444 return code and rate limiting

lists at lazygranch.com lists at lazygranch.com
Tue Sep 27 17:14:14 UTC 2016

‎Your reply does not agree with the documentation. 
  Original Message  
From: B.R.
Sent: Tuesday, September 27, 2016 10:09 AM
To: nginx ML
Reply To: nginx at nginx.org
Subject: Re: 444 return code and rate limiting

Responding 444 is... a response.

It is not anything else than a (non-standard, thus 'unknown', just like 499 nginx chose to illustrate client-side premature disconnection) HTTP status code as any other.
Some speedup might come from using return instead of doing further processing, but there is still a connection, data sent, data processed and response sent. Basically resources are being burned up and not available for another request/client.

HTTP status code do not do anything by themselves, they are just part of a protocol legitimate clients implement. I do not think attackers care much about status code other than what they guess about the server.

In case of DoS, your only hope is to divert/absorb the flow.
​Blabbering about status codes​ as a potential solution to DoS shows deep misunderstanding of what is being discussed and is pure nonsense.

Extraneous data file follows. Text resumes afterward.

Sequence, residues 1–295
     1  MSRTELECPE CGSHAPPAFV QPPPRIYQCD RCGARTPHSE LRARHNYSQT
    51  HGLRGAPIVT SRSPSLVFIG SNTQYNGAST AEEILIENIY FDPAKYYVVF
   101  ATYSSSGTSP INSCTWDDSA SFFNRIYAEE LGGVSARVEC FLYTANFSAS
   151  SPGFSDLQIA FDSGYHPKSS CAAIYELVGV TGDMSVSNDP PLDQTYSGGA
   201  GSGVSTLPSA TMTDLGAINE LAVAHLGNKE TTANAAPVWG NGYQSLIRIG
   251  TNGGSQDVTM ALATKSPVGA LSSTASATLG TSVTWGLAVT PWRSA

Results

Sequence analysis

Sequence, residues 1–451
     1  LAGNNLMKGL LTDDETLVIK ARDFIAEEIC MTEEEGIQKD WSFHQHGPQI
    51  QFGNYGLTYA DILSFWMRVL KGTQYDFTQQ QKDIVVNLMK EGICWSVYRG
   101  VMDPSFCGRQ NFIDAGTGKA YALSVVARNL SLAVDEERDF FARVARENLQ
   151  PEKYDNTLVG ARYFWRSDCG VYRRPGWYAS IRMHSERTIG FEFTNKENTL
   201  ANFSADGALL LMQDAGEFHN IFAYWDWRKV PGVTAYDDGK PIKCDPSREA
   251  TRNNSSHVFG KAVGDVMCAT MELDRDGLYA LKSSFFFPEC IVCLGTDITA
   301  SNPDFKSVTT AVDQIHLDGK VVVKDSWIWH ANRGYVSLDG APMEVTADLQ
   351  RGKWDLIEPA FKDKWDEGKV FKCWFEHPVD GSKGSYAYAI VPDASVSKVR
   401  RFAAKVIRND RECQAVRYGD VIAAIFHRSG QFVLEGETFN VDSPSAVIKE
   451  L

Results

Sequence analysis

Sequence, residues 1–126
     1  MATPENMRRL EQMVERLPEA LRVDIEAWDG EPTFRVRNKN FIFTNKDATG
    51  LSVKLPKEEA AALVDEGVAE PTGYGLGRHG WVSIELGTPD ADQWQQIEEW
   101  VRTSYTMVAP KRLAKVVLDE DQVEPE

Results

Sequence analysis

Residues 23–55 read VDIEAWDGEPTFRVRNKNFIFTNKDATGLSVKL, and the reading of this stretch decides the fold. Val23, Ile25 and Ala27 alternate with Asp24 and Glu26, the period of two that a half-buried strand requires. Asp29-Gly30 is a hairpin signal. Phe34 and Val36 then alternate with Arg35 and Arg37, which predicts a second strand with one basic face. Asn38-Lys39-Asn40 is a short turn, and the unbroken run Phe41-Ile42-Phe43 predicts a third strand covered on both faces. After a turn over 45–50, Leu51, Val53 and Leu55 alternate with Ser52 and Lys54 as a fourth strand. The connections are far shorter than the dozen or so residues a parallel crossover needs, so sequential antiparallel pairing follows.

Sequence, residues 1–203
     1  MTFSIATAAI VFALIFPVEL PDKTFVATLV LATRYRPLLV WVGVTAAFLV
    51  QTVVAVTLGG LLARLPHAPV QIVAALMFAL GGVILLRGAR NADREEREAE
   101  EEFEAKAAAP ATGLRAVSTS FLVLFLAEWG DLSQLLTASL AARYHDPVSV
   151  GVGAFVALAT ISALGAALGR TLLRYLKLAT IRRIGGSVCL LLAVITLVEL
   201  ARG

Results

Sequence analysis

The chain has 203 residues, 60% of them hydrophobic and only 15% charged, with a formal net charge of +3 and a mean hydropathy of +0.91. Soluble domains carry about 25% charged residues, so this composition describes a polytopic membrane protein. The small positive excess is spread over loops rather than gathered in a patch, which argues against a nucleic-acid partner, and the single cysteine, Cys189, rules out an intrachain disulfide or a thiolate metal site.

B. R.

On Tue, Sep 27, 2016 at 6:44 PM, <lists at lazygranch.com> wrote:
I pulled this off the rate limiting thread since I think the 444 return is a good topic all on its own.

"But under a DoS attack I always feel those values would be better being
"444" since the server won't respond and cut's the connection rather than
waste bandwidth on a client who is opening and closing connections fast as a

Looking at the times in my nginx access.log, I don't believe any connection is cut. Rather nginx just doesn't respond. A browser will wait an appropriate amount of time before it decides there is no response, but the code from the hackers just keeps hammering the server. 

What I don't know is if the 444 return effects the nginx rate limiting coding since you have effectively not returned anything, so what is there to limit?

The experiment would be to hammer your webserver from the server itself rather than over the Internet, and see if it does get rate limited. That would take network losses out of the picture. 

When I get a chance, I'm going to pastebin the logs from that attack I got from the Hong Kong server so the times can be seen. 

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